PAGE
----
Choose the Right Prioritization Method for Your Team
The team looks to the Product Manager to establish the product vision, to set priorities, and to act as primary liaison to stakeholders. Setting priorities- and communicating the priorities effectively- aligns the team for value creation while eliminating waste. But managing priorities and expectations is a challenging task, and there are lots of different ways to do it. Here are a few tools in our prioritization toolkit that we’ve used in challenging situations.
Choosing A Prioritization Framework
There are dozens of prioritization frameworks, and we won’t discuss them all here. We work with each client to establish a method of prioritization that meets their needs. To understand why there are so many different ways to set priorities, let’s look at six desirable attributes for prioritization frameworks.
Transparency. Everybody should be able to see how the priorities are set, including past projections of value. There is no ‘secret meeting’ or ‘magic spell’ that generates the priorities. The product manager can explain where the prioritization came from.
Consistency. The process shouldn’t change drastically from period to period. If you use a value-effort trade method this quarter, then you shouldn’t switch to participatory budgeting next quarter.
Fairness. The process should take into account that there are often competing desires in play, and the input of one stakeholder or group should not be systematically ignored. The product manager role is sometimes described as “apportioning disappointment equally among all parties”. Dealing with disappointed stakeholders is an interpersonal skill, but it’s much more easily exercised when stakeholders perceive that the process is fair.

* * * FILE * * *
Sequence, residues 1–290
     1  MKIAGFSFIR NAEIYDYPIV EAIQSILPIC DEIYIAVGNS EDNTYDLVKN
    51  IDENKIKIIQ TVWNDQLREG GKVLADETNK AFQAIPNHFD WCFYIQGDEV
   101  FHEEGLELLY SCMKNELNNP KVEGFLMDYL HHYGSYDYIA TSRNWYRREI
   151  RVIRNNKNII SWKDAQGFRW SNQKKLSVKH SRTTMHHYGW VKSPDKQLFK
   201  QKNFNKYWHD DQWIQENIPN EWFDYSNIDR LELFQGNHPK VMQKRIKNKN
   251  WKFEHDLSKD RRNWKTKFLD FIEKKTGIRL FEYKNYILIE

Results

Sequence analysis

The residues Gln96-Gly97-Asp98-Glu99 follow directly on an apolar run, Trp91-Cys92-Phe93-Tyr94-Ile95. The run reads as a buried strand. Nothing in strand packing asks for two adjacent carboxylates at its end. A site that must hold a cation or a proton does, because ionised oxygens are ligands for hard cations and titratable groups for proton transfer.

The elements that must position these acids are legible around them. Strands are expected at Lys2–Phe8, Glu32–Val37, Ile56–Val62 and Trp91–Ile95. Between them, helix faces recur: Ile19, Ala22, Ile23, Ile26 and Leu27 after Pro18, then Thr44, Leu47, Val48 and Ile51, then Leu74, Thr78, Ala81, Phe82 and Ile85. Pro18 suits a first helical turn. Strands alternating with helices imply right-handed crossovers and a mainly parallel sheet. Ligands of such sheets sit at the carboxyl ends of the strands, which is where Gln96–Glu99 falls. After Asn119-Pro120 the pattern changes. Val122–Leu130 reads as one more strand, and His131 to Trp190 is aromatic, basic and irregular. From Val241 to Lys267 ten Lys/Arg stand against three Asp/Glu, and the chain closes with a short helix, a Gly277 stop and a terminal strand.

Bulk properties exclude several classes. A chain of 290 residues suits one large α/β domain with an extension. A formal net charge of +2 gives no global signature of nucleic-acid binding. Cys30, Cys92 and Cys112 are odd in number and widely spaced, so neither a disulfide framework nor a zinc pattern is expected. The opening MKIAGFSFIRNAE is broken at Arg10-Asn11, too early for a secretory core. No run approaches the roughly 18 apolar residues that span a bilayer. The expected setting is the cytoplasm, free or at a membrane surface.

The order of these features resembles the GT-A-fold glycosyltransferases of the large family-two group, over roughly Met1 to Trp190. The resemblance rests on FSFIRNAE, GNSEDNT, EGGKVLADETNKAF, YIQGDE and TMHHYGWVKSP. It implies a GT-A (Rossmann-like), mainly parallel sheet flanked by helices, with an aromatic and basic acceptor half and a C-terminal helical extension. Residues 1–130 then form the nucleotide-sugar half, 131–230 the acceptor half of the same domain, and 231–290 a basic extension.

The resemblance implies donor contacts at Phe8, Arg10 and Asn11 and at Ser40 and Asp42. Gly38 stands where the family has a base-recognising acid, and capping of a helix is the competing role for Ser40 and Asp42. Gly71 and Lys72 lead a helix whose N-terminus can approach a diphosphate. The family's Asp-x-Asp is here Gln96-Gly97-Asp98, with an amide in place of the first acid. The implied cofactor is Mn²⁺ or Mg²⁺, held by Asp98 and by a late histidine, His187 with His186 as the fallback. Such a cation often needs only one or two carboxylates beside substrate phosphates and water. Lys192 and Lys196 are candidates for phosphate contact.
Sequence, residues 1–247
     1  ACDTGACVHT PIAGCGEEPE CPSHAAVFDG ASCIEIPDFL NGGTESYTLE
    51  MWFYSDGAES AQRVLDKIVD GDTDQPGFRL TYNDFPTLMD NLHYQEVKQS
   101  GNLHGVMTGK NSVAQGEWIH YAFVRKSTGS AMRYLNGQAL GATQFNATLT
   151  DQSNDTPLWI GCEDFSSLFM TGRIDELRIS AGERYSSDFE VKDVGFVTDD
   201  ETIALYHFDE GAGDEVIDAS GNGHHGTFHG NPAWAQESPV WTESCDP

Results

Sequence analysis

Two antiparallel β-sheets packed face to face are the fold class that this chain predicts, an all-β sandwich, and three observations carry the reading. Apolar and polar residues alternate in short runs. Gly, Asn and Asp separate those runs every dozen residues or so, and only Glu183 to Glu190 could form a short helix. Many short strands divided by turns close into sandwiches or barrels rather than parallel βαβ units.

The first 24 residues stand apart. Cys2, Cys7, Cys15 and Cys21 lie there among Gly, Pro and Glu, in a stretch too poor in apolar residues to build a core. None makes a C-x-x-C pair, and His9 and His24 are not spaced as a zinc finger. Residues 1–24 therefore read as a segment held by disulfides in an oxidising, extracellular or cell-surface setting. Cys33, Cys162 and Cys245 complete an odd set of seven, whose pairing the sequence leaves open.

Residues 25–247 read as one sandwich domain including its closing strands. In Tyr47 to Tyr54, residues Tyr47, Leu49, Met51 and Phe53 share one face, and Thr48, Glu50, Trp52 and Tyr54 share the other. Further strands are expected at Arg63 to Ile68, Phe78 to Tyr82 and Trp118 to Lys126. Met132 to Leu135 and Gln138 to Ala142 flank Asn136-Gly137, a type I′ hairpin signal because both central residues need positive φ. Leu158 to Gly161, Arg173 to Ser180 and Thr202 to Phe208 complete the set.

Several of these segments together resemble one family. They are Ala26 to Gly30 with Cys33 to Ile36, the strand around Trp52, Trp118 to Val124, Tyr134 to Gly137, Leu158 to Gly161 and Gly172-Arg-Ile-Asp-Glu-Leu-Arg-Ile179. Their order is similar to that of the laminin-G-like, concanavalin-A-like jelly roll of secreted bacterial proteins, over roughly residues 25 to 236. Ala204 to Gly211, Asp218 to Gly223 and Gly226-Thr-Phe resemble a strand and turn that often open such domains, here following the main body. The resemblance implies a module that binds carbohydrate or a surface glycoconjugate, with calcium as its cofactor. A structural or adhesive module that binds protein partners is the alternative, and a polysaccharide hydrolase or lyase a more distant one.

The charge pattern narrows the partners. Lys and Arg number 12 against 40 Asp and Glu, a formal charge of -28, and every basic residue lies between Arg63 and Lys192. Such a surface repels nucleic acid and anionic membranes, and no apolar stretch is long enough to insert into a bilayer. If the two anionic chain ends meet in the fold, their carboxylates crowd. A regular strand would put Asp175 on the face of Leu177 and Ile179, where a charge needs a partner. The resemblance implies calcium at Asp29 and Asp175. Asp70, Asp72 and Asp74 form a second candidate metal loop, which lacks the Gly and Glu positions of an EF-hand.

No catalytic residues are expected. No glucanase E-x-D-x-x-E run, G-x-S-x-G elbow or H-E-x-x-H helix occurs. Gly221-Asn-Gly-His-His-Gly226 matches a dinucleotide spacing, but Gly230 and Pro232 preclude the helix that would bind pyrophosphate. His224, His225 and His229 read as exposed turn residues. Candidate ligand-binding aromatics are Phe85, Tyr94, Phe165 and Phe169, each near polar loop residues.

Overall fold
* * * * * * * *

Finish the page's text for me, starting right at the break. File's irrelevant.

Outcome-orientation. Our goals for each period, if we meet them, should tell a story that includes real outcomes. This means we don’t just prioritize features or functions individually; we look at them and search for rational, coherent bundles of features whose value is more than the sum of their values individually.
Speed. We shouldn’t be using two person-days to prioritize one person-day’s worth of work. It really happens: sometimes business stakeholders spend days competing for resources to do a small amount of work because they have high urgency around an outcome, and because they don’t know how complex a given task actually is.
Engagement. Getting people to actually meet and make trade-offs and give things up is difficult. But if your process is engaging, then some of the pain is removed, and it can even be fun. The key is to get feedback from all the participants, so that people stay involved and don’t feel like the process is happening ‘somewhere else’.
Imagine that you use one methodology for several quarters in a row, and you think it’s transparent and consistent and fair; but it’s not fast. You may tweak your process to dial down the other attributes in order to make the process not take up so much time.
What Worked For Us With Many Busy Stakeholders
When your product decisions affect hundreds of divisions within a company, your process needs to involve (and get persistent buy-in) from a large group of stakeholders. And it needs to do it so that prioritization doesn’t become a huge time-suck for all those stakeholders.
Games are a great option in this scenario: many prioritization games take the edge off of disagreement by focusing on process and outcomes rather than personality. Games also illustrate the way that any process can be gamed--and usually there is greater teamwork following a prioritization ‘simulation’.
For our work with a large consumer electronics firm we did a lot of game-like prioritization exercises that were designed to engage stakeholders, get rapid feedback from a large group, and increase buy-in.
‘Move or Add’
In this game, stakeholders take turns either adding a feature to a feature list, or moving a feature in the list (presumably to the top of the list). Everyone must take part, and each person must explain why they placed the feature where they did. Keep going around the room until all the features are placed and consensus on the order is reached. Use a thumbs up/ down consensus to wrap up if features are still being moved after going around the room a few times.
‘Buy a Feature’